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The most reliable contemporary change management research has consistently assumed that most organizational change can be controlled if leaders are mindful enough to predict and channel the forces driving that change. Like navigating a sailboat, implementing effective change was possible with a clear orientation, a dependable crew, and the ability to leverage the elements. But with the advent of speedboats, this is no longer true. If sailboats are traditional organizations, then speedboats are disruptive organizations. And speedboats don't follow the same rules. They may share the waters, but they vary radically in their assumptions about stability, focus and priorities, people, and what makes them vulnerable.


Sailboat organizations need stability. Their intentional change leadership thrives on an ability to control the nature, speed, intensity, and permanence of their changes. They depend on relative internal and environmental stability to control the change process. As for speedboats, In order to maintain their prominence as the quickest to adapt, they create rapid, constant disruption of the environment and rely on their own lightning reflexes to stay in the lead while their competitors attempt to regain orientation.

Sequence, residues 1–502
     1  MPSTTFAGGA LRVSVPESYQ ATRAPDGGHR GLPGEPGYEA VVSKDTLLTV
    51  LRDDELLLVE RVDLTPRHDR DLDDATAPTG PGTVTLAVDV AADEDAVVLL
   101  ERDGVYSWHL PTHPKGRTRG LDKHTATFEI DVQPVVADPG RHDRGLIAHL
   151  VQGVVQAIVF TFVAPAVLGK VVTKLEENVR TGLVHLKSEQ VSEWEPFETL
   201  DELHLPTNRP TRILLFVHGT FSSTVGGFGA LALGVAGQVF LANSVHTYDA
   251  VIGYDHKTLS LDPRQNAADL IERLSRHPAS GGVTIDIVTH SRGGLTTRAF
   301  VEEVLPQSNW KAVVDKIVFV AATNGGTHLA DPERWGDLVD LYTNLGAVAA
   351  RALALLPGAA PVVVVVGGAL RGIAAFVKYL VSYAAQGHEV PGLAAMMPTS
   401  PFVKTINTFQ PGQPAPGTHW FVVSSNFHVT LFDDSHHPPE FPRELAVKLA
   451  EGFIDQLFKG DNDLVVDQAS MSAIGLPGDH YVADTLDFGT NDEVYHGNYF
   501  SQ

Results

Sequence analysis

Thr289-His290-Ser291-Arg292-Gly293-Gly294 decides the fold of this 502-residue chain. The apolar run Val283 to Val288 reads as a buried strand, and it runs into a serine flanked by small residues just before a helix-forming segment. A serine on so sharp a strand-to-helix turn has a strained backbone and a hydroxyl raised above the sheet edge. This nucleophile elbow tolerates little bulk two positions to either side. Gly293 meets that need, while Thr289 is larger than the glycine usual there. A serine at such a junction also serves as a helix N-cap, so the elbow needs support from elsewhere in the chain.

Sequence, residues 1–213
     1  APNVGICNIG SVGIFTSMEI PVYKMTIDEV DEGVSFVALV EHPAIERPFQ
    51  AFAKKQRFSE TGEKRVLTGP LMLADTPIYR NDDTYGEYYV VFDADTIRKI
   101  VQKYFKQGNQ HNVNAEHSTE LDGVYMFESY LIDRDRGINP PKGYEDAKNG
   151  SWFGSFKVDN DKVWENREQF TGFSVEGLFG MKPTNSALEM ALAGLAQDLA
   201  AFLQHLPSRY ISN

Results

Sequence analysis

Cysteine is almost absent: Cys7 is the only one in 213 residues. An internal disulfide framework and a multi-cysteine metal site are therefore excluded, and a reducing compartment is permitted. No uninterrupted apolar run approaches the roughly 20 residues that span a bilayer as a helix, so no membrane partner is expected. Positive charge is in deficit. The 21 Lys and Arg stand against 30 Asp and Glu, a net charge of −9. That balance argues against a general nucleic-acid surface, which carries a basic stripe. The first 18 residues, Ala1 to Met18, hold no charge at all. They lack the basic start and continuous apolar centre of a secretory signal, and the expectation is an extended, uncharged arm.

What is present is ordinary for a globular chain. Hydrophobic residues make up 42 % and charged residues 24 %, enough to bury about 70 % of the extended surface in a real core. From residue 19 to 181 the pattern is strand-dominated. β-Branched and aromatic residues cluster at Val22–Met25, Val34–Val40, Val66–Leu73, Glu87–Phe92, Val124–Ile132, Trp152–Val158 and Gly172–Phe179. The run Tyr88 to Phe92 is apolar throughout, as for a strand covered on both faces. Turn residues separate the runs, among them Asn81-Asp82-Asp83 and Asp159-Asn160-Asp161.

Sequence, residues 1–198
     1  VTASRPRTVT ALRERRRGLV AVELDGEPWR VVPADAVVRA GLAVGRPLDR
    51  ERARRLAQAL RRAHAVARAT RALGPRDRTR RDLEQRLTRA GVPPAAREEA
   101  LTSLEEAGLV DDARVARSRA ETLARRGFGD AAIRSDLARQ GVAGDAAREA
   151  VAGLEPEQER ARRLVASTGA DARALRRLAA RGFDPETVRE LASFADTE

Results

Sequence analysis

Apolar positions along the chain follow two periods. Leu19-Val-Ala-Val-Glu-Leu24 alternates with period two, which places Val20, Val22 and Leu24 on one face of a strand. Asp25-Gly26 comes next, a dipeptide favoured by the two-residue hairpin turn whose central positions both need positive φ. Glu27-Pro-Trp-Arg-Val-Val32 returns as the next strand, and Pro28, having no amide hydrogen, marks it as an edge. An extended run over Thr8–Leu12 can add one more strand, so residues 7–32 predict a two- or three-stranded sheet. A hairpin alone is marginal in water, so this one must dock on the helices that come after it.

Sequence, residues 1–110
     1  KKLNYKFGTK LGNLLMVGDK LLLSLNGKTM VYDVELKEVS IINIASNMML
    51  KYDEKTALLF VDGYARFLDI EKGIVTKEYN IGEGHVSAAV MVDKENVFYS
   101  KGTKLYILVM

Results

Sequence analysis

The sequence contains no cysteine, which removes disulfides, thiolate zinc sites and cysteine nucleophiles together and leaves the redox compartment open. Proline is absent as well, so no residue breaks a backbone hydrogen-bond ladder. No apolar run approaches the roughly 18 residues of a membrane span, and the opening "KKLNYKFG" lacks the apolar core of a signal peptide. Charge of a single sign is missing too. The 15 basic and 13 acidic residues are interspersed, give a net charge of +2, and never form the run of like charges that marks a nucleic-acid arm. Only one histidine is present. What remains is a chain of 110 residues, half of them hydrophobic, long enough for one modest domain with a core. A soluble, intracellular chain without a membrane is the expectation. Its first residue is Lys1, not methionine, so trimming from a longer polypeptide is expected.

Focus and priorities

If this is any indicator of priorities within sailboat and speedboat communities, one population seems to focus more on navigation skill while the other seems to focus on navigation technology.


On a sailboat, the crew is interdependent for survival. Stationed all over the boat, members constantly communicate with each other, adapt to leverage the elements, and navigate the craft. The people directly affect the speed. On a speedboat, one daring driver sets the pace and everyone else hangs on The speedboat needs a strong engine and a confident driver who manages the speed and the water. Drivers may read the comfort level of the passengers to help gauge the speed, but the force/speed of the engine affects the people, not the other way around.


A sailboat cannot navigate as quickly as a speedboat, but it's less vulnerable to crashing and flipping. Its vulnerability is its inability to make sharp, quick turns if it encounters an unexpected threat. A speedboat, however, can manoeuvre quickly but its speed makes it more likely to crash. At top speeds, it can easily flip. In organizations, this can translate into outdated strategy with dire consequences. Similarly, the very speed that helps disruptive organizations quickly gain the market lead is also their greatest vulnerability to crashing. Visit for more informations

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